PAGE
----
Tuesday, January 25, 2011
January 25, 2011: So It Goes?
War stems from the worst attributes of human societies and communities, from the most divisive and negative forms of the things that can ideally unite and connect us (faith, nation, history, and many more), and it is thus no surprise that it consistently yields the worst and most horrific kinds of actions. Yet while it is easy for us Americans to recognize the existence of such wartime actions when they are undertaken by brutal dictators and regimes (ie, the Holocaust), and more difficult but still possible for us to admit that our own soldiers and government can take such actions when ill-advised or controversial wars go poorly (ie, My Lai or Abu Ghraib), I think our national narratives of World War II (to cite the most overt and clear example) still illustrate that we long to believe in the possibility of a purely good war, one in which those worst actions could never be taken by our own, entirely right side. Yet while any historical analysis must take into account the specifics of each war, including ways in which the war is indeed more potentially justified and necessary, events like the firebombing of Dresden exemplify the continuing presence of the horrific actions in even a “good war.”
As with the nuclear attacks on Hiroshima and (especially) Nagasaki, World War II historians and scholars have long debated the relative necessity, military and strategic value and effects, and potential war crime status of the Dresden bombing, which took place between February 13th and 15th of 1945, which featured nearly 4000 tons of bombs dropped on the German city by RAF and USAF planes, and which created a 15-square-mile firestorm that killed an estimate 23-24,000 inhabitants (many of them civilians). I’m not nearly knowledgeable enough about the bombing’s details to weigh in on those questions, but I think that the entirety of the debate can elide the inescapable fact that the bombing was horrible and brutal in any case. That is, while it might well have been more militarily effective than (for example) My Lai, the fact remains that tens of thousands of civilians were killed, that a beautiful and culturally rich city was essentially razed, that the destruction wreaked on Dresden stretched far beyond any military meanings it might include; arguments that the Germans were doing the same to London with their own rockets during this period, while accurate, only highlight how much such horrific actions become the norm for every side during every war. While it is understandably (if sadly) necessary during a war for citizens of one nation not to think of an enemy nation’s citizens and cities as just as human and worth protecting as their own, it is I would argue crucial for us to remember that basic concept in the aftermath and memories of any and all wars.
If such broadly communal reflections were to emerge out of the ashes of Dresden, they would not be the first amazing human achievement to stem from its horrors; that honor would have to go to Kurt Vonnegut’s Slaughterhouse Five; or, the Children’s Crusade: A Duty-Dance with Death (1969). Vonnegut was a prisoner of war held at Dresden, and so witnessed the firebombing and its aftermath firsthand; as he admits in the book’s meta-fictional first chapter, he attempted to write the novel for nearly twenty years before finally completing and publishing it. The resulting masterpiece is literally impossible to categorize or fit into one generic box: it includes science fiction concepts, time travel, and sequences set on an alien planet; features some of the best uses of black humor in any American text; includes a profoundly realistic portrayal of war and trauma and their lingering psychological and emotional effects; features from time to time pencil drawings that complement and deepen the novel’s style and themes; and so on. Yet at its core, I think Vonnegut’s work is most fully engaged with the seemingly contradictory but crucial duality with which I ended the prior paragraph: that war inevitably produces the worst kinds of violence and destruction and horror, as illustrated by the novel’s most repeated phrase, “So it goes,” used whenever death is mentioned in any context; and yet the possibility of a human and communal response not only in the face of those horrors, but because of and through them, as exemplified by Vonnegut’s novel itself and its ability to use storytelling to push back on the horrors and imagine (even if only in moments) something very different and much more ideal.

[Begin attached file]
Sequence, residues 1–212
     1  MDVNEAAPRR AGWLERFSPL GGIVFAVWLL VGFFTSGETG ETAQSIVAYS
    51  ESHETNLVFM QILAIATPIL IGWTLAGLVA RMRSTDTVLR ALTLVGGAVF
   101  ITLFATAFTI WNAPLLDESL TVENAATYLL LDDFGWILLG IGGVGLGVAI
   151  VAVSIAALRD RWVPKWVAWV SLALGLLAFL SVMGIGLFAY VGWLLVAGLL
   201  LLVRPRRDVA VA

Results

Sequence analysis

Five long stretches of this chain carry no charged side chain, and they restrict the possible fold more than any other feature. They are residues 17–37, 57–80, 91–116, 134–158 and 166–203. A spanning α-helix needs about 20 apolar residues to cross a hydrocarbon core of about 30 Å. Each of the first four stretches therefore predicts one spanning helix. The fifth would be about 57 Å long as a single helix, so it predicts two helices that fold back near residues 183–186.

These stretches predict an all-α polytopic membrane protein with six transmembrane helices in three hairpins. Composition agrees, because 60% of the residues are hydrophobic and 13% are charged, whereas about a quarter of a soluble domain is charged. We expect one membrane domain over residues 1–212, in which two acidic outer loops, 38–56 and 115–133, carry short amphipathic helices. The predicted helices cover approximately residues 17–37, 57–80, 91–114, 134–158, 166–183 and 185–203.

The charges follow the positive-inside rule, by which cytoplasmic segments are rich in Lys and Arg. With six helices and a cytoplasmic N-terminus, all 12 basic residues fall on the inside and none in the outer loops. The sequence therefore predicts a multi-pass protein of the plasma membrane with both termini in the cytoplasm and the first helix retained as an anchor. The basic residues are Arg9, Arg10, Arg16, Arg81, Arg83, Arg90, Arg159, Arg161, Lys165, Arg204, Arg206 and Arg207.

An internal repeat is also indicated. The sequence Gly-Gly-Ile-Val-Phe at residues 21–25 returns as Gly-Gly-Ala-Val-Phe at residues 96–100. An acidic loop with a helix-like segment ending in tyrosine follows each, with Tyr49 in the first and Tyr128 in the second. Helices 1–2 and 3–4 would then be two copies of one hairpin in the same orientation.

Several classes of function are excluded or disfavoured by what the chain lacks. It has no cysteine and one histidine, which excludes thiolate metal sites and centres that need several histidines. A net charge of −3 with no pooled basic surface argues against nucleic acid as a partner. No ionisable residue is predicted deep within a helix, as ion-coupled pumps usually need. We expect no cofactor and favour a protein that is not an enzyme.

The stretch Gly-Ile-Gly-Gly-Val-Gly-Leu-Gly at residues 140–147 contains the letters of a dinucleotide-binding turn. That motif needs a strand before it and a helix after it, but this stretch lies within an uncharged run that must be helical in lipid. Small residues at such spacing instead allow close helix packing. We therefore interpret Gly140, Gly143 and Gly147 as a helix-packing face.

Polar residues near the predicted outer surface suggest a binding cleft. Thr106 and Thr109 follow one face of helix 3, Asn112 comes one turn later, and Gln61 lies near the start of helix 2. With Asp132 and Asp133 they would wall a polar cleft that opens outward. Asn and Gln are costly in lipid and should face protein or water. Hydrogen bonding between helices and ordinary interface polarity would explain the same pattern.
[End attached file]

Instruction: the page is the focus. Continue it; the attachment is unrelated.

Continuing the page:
As the United States moves toward its tenth year in Afghanistan while directing drone strikes at multiple other nations, it can feel overwhelmingly difficult not to give into the logic of “So it goes,” not to see war and its accompanying horrors as unavoidable and constant parts of our world and identity. And perhaps they are—but if so, that only makes it that much more important to highlight and push back on those horrors, to refuse to accept either that they are simply necessary or that they can be excused as long as they happen to the enemy or are undertaken by us. There are few more exemplary contexts for those ideas than Dresden, and fewer still texts that push back more tragically and beautifully than Vonnegut’s. More tomorrow, on the most repetitive novel in American literary history and why I’m glad I read every crazy-making word.
PS. Three links to start with:
1) A brief but very rich interview with one of the leading historians of the firebombing: http://www.spiegel.de/international/germany/0,1518,607524,00.html
2) Google books version of Slaughterhouse: http://books.google.com/books?id=GKPktrYG7sUC&printsec=frontcover&dq=kurt+vonnegut+slaughterhouse+five&source=bl&ots=ookv4y76o5&sig=nCmxyp9JMRvnai3FUrvNyE5dovY&hl=en&ei=fUo-Tdj8OIKB8gbj2NGfCg&sa=X&oi=book_result&ct=result&resnum=8&ved=0CD4Q6AEwBw#v=onepage&q&f=false
3) OPEN: Pretty big and tough stuff here. Any thoughts, connections, disagreements to share?